Protect Yourself, Loved Ones From Financial Abuse of the Elderly

Today’s volatile stock market and near-zero interest rates on savings can make desperate older investors even more vulner­able to scams.

Some recent high-profile cases have thrust elder financial abuse into the spotlight. Think of former child star Mickey Rooney. Far from his Super Bowl commercial that was banned by Fox television because a falling towel exposed his 84-year-old bare bottom, Rooney tearfully testified before a U.S. Senate committee last March that he was a longtime victim.

Or New York socialite and philanthropist Brooke Astor. The years after her 2007 death at age 105 were punctuated by a sordid trial that led to her son’s conviction for what Vanity Fair called a “scheme to separate the Alzheimer’s-addled Mrs. Astor from her $187 million fortune.”

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Kevin McCormally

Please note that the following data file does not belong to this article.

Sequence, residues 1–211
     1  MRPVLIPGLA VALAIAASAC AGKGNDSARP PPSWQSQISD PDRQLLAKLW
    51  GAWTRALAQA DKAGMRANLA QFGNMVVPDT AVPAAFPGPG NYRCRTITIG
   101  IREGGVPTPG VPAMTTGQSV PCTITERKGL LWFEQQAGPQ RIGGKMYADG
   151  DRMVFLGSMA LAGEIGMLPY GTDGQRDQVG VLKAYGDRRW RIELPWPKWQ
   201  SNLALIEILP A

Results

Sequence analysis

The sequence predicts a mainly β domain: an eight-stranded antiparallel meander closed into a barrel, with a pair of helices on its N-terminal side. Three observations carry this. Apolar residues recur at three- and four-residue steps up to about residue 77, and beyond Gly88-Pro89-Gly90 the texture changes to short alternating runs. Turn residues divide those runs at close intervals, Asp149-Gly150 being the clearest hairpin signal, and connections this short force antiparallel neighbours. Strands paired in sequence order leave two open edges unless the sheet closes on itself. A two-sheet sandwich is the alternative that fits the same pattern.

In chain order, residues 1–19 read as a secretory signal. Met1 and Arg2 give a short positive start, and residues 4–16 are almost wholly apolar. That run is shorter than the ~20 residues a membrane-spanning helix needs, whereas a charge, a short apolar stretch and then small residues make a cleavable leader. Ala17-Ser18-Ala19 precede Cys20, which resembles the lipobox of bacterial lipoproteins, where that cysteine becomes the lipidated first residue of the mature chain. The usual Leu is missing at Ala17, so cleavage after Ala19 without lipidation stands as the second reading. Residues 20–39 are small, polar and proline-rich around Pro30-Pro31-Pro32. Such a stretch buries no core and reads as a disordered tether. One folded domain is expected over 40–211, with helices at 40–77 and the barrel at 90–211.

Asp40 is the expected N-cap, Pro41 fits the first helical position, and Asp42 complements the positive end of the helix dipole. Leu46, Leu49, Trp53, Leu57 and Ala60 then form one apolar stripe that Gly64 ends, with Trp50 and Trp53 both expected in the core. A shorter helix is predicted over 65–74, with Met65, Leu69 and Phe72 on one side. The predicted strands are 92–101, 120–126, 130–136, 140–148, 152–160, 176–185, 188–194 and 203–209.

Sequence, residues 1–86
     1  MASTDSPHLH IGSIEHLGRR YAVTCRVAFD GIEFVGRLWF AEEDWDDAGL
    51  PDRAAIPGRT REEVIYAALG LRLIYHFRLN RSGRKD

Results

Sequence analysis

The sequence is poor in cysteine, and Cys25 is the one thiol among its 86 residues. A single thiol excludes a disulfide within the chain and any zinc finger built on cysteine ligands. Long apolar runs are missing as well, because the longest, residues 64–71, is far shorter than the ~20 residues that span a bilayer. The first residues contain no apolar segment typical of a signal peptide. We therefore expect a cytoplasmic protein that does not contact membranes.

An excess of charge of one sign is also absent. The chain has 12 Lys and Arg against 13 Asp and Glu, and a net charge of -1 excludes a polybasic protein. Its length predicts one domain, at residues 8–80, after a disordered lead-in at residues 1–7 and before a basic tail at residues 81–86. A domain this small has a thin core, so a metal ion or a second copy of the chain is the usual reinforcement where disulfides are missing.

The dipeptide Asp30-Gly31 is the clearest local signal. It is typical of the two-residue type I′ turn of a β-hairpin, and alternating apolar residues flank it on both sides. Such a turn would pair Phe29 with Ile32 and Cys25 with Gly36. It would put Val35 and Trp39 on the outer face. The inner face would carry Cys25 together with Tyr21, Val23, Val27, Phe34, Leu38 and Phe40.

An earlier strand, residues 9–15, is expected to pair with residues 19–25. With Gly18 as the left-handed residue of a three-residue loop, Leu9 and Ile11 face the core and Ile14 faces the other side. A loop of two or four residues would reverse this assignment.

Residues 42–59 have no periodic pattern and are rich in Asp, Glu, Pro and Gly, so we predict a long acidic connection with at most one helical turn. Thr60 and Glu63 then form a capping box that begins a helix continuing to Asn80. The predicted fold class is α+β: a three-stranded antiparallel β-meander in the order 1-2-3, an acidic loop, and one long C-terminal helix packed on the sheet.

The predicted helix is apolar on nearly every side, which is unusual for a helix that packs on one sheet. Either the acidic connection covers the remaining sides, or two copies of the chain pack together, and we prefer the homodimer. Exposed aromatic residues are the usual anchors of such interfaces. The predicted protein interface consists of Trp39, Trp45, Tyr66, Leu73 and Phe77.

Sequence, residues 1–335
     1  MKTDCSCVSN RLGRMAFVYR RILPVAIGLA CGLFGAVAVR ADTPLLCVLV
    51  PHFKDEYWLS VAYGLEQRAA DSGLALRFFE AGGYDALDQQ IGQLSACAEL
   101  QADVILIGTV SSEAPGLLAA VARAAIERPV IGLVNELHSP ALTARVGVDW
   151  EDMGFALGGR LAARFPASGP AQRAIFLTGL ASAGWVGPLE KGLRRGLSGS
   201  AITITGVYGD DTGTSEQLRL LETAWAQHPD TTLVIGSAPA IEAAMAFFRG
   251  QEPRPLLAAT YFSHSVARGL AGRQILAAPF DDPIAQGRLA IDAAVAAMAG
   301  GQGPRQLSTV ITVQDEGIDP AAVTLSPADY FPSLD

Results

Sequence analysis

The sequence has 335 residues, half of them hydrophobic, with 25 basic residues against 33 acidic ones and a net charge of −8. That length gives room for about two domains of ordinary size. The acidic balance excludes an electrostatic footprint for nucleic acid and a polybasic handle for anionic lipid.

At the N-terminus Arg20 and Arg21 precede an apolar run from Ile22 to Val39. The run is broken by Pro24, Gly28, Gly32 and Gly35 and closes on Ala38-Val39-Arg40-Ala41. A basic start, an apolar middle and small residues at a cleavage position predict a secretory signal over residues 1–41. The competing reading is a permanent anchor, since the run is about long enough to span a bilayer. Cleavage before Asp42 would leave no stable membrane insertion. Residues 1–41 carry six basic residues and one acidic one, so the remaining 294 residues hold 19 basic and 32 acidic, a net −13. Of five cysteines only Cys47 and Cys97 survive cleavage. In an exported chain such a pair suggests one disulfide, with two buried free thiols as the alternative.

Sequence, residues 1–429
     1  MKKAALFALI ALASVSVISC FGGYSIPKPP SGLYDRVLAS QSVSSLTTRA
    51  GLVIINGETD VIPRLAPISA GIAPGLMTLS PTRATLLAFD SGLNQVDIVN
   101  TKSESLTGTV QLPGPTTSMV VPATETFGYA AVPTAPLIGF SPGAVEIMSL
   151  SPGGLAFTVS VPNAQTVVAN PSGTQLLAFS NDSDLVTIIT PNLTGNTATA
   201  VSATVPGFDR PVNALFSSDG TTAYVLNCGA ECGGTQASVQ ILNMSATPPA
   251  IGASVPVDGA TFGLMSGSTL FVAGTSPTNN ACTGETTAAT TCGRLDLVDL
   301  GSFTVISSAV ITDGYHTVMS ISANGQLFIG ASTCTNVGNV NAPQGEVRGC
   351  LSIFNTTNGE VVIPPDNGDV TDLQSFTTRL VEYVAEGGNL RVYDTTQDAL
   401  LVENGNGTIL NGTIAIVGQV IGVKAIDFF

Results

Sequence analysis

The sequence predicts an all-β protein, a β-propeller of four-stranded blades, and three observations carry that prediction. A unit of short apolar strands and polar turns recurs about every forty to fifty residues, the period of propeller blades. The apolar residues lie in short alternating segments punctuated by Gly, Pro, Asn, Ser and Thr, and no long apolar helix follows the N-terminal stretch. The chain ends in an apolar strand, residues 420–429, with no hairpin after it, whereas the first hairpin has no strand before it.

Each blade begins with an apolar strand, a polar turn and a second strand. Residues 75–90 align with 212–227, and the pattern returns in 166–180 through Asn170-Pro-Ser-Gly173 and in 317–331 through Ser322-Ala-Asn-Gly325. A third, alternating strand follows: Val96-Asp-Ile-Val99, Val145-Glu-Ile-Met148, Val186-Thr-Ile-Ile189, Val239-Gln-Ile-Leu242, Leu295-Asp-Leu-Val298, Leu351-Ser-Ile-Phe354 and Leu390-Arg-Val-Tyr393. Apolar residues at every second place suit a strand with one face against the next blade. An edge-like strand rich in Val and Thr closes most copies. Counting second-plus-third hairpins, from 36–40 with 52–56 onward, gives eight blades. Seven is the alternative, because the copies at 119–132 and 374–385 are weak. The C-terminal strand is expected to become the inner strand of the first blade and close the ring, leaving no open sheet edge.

Chief Content Officer, Kiplinger Washington Editors
McCormally retired in 2018 after more than 40 years at Kiplinger. He joined Kiplinger in 1977 as a reporter specializing in taxes, retirement, credit and other personal finance issues. He is the author and editor of many books, helped develop and improve popular tax-preparation software programs, and has written and appeared in several educational videos. In 2005, he was named Editorial Director of The Kiplinger Washington Editors, responsible for overseeing all of our publications and Web site. At the time, Editor in Chief Knight Kiplinger called McCormally "the watchdog of editorial quality, integrity and fairness in all that we do." In 2015, Kevin was named Chief Content Officer and Senior Vice President.